It sounds like the same old policy - support your vicious dictatorships like Saudi Arabia and call them moderate because they buy your guns. But I think his underlying call is not to make the same mistake of undermining the Palestinian Authority as when it was led by the PLO and to commit to a Palestinian State, because that would undermine the extremists and isolate them. So I think he is looking to persuade the US audience that there are tactical reasons to promote human rights in moderation, even for Palestinians.

    P.S. Rakhee (#51), fair enough, we see things differently. Maybe me and Tony Blair are in an axis of denial!

  54. Ravi Naik — on 4th August, 2006 at 6:07 pm  

    “If Ken Livingstone referred in his speech to these tinpot fascists as ‘bigoted racists’, would he – according to your delineation – be oversimplifying”

    Amir, (

    If Ken Livingstone wanted to curb racism in London (and we are talking about solving things, not discussing semantics), it wouldn’t make much sense putting together the BNP and C18 (our any other racist terrorist group) in the same bundle. That would be oversimplying things, because although they look the same racist trash, they operate in different ways to achieve their means.

    Again, you seem to be oversimplifying things by assuming that I am an apologist for the islamists because I don’t support the way Israel and the US are operating in both Iraq and Lebanon. You - like every right-winger - look at the world in black and white, right and wrong, good vs evil - when in reality there is a continuous gradient of gray shades.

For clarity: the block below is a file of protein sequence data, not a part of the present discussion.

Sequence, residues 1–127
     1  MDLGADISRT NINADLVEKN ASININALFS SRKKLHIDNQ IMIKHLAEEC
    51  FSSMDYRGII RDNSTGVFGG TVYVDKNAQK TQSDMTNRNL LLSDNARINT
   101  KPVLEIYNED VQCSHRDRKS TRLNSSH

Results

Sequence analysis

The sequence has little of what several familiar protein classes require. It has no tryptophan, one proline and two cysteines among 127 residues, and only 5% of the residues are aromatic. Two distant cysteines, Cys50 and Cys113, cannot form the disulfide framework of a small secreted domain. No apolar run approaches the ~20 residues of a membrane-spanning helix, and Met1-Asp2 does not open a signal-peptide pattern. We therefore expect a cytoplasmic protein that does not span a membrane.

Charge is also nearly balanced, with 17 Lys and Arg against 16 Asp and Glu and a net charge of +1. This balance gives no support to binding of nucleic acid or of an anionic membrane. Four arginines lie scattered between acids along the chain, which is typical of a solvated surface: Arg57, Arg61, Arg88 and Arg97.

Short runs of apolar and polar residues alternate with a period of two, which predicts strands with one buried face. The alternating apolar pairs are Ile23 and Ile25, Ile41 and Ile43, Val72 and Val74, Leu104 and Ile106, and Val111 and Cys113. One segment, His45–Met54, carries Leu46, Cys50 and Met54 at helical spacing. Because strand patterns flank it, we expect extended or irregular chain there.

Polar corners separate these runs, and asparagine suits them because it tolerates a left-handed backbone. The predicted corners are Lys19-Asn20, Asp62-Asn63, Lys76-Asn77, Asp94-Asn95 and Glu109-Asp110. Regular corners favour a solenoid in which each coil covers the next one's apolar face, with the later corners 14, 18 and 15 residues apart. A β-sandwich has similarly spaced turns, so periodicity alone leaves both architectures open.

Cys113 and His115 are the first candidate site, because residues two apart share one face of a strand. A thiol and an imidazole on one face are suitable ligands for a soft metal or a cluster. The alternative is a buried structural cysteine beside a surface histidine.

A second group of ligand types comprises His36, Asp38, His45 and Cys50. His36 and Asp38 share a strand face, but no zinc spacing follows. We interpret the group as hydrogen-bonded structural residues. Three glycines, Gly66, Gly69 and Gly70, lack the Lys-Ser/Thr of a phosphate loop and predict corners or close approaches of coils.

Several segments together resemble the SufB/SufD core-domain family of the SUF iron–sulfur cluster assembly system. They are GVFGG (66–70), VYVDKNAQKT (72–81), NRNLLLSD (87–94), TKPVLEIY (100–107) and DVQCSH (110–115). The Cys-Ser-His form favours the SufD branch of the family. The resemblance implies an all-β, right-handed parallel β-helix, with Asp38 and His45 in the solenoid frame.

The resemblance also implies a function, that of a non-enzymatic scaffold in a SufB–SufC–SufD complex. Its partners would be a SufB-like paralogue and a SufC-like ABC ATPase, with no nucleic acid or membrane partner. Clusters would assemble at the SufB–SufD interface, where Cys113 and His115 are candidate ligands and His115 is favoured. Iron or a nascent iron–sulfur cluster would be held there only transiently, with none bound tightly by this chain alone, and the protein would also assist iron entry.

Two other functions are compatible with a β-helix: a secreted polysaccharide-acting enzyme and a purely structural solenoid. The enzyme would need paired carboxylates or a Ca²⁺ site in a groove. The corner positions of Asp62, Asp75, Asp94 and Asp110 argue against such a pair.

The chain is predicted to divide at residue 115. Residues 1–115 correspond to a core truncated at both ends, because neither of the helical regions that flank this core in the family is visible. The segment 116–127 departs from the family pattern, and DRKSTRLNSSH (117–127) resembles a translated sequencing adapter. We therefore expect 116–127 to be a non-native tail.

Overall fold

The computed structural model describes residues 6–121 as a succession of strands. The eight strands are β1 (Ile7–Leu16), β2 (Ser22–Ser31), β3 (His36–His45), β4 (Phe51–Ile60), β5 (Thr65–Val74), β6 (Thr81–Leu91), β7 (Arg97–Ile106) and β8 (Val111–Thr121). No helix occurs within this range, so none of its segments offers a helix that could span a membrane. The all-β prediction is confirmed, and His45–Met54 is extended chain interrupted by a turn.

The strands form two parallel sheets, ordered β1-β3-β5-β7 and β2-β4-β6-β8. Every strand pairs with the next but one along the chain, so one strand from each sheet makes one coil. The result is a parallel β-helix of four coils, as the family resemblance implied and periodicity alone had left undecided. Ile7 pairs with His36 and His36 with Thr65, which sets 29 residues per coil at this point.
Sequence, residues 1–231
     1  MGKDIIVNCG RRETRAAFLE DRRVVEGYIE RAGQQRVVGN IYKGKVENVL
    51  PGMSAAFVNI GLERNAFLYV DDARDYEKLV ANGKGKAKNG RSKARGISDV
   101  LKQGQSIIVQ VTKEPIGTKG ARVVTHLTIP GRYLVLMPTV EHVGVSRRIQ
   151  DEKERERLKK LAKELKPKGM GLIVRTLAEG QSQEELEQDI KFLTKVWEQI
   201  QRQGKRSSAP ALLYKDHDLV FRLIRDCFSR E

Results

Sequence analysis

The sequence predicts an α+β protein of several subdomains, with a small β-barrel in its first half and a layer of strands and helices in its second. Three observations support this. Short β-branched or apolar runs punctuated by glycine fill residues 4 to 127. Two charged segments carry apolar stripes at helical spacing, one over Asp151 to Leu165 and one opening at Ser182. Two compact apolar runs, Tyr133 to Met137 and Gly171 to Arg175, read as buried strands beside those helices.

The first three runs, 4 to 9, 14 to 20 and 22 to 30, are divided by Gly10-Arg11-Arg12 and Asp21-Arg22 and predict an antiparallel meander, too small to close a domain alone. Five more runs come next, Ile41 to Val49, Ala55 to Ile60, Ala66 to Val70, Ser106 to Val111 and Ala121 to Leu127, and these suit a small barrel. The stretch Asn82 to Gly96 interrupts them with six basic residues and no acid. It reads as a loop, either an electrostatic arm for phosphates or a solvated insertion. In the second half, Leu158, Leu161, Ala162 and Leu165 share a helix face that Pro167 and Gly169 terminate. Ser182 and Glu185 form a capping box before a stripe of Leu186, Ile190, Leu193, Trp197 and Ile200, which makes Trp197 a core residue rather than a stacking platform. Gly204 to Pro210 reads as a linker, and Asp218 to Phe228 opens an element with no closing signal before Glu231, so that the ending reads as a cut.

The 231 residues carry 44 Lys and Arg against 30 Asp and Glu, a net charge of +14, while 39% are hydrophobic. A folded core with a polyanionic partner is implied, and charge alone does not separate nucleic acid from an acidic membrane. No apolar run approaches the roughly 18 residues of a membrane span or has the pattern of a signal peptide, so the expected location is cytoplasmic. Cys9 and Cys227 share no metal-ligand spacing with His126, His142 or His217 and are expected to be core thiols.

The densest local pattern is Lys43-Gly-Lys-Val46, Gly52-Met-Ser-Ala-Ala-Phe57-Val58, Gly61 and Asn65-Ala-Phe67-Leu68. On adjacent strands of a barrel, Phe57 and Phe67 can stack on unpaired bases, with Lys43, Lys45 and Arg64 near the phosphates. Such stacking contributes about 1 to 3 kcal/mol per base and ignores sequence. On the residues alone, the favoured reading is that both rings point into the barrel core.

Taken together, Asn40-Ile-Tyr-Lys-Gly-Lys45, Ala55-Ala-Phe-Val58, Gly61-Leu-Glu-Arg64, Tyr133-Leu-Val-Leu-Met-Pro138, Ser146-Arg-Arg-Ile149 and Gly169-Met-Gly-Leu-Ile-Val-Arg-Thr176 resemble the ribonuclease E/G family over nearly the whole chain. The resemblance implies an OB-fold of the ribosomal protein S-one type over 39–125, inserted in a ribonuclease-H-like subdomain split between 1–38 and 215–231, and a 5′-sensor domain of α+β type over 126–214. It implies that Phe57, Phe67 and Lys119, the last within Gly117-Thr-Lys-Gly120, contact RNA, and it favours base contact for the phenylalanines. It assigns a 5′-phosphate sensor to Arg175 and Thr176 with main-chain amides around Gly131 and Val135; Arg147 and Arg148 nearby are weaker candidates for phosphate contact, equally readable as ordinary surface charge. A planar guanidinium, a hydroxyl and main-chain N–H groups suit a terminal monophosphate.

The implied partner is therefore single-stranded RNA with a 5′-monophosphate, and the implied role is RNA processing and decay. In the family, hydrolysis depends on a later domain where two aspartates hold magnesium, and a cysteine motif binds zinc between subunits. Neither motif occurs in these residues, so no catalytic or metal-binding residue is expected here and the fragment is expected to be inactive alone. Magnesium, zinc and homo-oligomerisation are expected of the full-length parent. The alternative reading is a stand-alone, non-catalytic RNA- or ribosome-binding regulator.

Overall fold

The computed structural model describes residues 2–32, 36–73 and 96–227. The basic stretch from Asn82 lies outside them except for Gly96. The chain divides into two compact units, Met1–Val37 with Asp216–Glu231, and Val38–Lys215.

55. Arif — on 4th August, 2006 at 6:11 pm  

    “You - like every right winger - look at the world in black and white”, perhaps you have just shown that it is not just rightwingers prone to this. We all are to some degrees of gray!

  56. Amrevis — on 4th August, 2006 at 6:29 pm  

    All religions flow out of the barrel of the gun. Period.

    The problem is if you don’t tackle the gunslingers of one religion, you will inspire other religious groups to pick up gun themselves. Violent Islam has become a great motivator for violent Christianity, Violent Hinduism.

    The Christian controversy over Da Vinci code was to a large extent inspired by Islamic controversy over the Dutch cartoons. (The thinking was if Muslims can get away with it then so too can Christians). And many instance of Islamic terror that went unpunished inspired the violent riots in Indian state of Gujarat in which thousands died.

    That is why I am totally against any ceasefire till Israel is able to firmly destroy the fundamentalists. Because if the fundamentalists are allowed to get away they will keep committing violent acts and be an inspiration for similar violent acts by other religions.

    The world is in danger of fragmenting on race and religious lines. A healthy war against terror is only way to prevent that eventuality.

  57. Refresh — on 4th August, 2006 at 7:18 pm  

    Arif much as I like your philosophical outlook I fear you are letting Blair off the hook.

    Had he any interest in what you say - he would have accepted there was an accelerating campaign to malign all muslims - the softening.

    The man needs a long holiday and the news that he’s cancelled it is truly a shame. Even John Prescott do better this pathetic excuse for a man.

  58. Refresh — on 4th August, 2006 at 7:21 pm  

    It seems there is conspiracy on PP to eat some of my words.

    The last sentence should read:

    Even John Prescott would do better than this pathetic excuse for a man.

  59. soru — on 4th August, 2006 at 7:40 pm  

    arif: good analysis. It would be interesting to see someone who had actually read and understood the speech criticise it. Picking out one soundbite from it and saying ‘that is simplistic’ is not debate, it is denial.